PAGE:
In 2021, I decided to join the Board of Directors of Women in Mining Canada, a not-for-profit organization that I had been a member of for some time. I was so pleased to have the opportunity to help make this industry fully inclusive for everyone. I have not had many problems with being a woman in this industry, but I know many have. I also want to be a role model to show that you can have success in this male dominated world.
The mining industry is exciting, but also volatile. By the end of 2020, I found myself flying to Red Lake, ON and working for a company called Battle North Gold. However, in 2021 it was announced that Evolution Mining was looking to acquire us. After the acquisition, I was offered a position with the discovery team (aka exploration). They were welcoming, but there was something missing. My whole career, I had chosen the companies that I worked for. I came to Red Lake to work for Battle North Gold, a company with exciting plans to develop their exploration project into an operation. I did not choose Evolution and although it was a good company, the excitement of Battle North Gold was over. I am sure I could have made Evolution work, but I was also feeling pressure to move to Red Lake as part of a succession plan. My entire career, I have been able to choose where I live, and my family has no desire to leave Edmonton. Who was I to tell them to move? Overall, I was unhappy. If there is anything I have learned over the years, it is that happiness is the key to success. I have had a very successful career with opportunities that have been presented to me and opportunities I have made for myself. In this situation, I made an opportunity for myself in the biggest way.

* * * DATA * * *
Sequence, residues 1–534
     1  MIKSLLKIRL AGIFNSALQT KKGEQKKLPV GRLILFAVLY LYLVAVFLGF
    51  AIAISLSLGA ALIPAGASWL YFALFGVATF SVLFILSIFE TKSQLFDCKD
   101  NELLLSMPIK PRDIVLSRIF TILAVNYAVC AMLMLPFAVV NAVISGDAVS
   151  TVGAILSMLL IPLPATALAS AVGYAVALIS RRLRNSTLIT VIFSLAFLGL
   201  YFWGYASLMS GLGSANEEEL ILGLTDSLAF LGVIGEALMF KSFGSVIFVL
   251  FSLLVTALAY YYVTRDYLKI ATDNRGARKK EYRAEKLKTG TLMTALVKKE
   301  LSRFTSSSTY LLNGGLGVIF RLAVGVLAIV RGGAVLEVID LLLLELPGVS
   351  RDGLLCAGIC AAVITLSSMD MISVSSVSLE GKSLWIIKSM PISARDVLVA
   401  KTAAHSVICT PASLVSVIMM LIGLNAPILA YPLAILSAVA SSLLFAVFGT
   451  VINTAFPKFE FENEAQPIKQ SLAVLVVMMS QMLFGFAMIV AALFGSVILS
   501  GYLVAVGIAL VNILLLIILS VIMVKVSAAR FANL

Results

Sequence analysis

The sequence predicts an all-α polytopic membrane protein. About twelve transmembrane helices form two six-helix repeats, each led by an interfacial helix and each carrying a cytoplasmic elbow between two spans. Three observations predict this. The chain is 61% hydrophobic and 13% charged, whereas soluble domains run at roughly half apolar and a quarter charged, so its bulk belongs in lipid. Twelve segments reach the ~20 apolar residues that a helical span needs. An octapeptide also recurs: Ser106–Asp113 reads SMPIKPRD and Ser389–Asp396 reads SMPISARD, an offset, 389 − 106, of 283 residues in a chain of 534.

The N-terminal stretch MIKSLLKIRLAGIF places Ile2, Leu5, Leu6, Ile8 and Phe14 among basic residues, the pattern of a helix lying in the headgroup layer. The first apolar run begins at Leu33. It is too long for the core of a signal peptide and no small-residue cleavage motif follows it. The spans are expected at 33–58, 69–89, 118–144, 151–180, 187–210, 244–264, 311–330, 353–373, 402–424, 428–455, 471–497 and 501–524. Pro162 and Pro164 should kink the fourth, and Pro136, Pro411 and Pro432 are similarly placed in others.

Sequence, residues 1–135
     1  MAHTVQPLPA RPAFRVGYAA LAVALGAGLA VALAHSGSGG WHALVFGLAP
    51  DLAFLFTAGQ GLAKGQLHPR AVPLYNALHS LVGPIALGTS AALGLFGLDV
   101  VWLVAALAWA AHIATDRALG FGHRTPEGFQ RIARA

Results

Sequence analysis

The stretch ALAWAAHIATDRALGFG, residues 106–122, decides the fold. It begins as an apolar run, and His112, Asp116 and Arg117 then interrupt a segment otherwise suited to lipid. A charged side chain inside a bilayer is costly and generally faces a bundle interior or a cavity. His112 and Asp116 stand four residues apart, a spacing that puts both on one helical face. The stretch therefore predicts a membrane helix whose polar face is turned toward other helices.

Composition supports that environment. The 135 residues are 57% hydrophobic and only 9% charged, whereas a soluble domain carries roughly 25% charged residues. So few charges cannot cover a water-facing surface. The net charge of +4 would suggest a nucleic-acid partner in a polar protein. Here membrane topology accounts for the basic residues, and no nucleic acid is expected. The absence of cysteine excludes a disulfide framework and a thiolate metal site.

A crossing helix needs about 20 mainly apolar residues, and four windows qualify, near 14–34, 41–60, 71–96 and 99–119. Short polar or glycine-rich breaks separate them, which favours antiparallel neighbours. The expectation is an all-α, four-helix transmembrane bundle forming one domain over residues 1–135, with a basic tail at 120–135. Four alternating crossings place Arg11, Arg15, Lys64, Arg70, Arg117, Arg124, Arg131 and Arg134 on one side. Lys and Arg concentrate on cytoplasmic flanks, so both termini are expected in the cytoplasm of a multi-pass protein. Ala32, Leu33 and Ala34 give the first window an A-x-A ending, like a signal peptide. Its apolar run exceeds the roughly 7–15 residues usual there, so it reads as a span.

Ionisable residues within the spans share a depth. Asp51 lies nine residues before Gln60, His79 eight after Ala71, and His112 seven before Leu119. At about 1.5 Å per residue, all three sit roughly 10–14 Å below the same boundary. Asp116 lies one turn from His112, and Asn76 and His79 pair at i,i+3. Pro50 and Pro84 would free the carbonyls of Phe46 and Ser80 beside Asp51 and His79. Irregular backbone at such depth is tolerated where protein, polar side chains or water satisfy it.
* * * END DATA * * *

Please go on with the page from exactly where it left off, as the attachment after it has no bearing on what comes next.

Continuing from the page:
A former college forwarded a posting to me – a Chief Geologist position had opened with Cameco. I did something I never did before and that many women are afraid of doing: I used my network, and I asked for help. All I was asking for was to be recognized and given an interview, and from there, I would do the rest. I eventually had to stop asking people because I was getting such a warm response from the people I had built those relationships with so long ago. They say that the mining industry is small, and they are right – everyone eventually knows everyone in the industry, and I got the interview. I got the offer at the most beautiful moment possible, just as I had decided that Evolution Mining was not the right fit for me.
I am an operations woman that loves underground mines and cherishes the relationships I have built. I am proud to say I am the Chief Geologist for Cameco Corporation’s McArthur River Operation. I am back in Saskatchewan, where my journey began. In this position, I am not only a geologist, but my voice is valued when it comes to inclusive culture, I am contributing to mine rescue and the emergency response team on site, and I am building a geology team to support the restart of the mine. I am also the Chair of Women in Canada and am reestablishing past relationships while building new ones. I know this is not the end of my career, and, while no one can really predict what comes next in this industry, right now I am happy.
I would like to dedicate this article to all my mentors. I mentioned a couple in the article, but I would also like to acknowledge Shawn Montgrand, Rob Pagnin, Richard Basnett, and Paul Burton for supporting my journey.
Melissa is a Professional Geologist with over 14 years of deep rooted operational and exploration experience in the mining industry. During this time, she has held several geology positions with multiple North American mining companies in various commodities. This type of site-based rotation work has allowed her to pursue her passion while maintaining her family’s home base in Edmonton, AB. She holds an MBA from Athabasca University and a B.Sc. from the University of Alberta. She is an active member of mine rescue and emergency response and is a dynamic part of growth and change at the companies she works for. Her current role as the Chief Geologist at one of Cameco Corporation’s northern operations allows her to lead and develop young minds along their career and leadership journeys. She is currently the Chair of Women in Mining Canada, a not-for-profit organization who’s mission is to Elevate, Educate, and Empower women in the mining industry. Her personal leadership philosophy is: support those around you and allow them to become better than you ever were!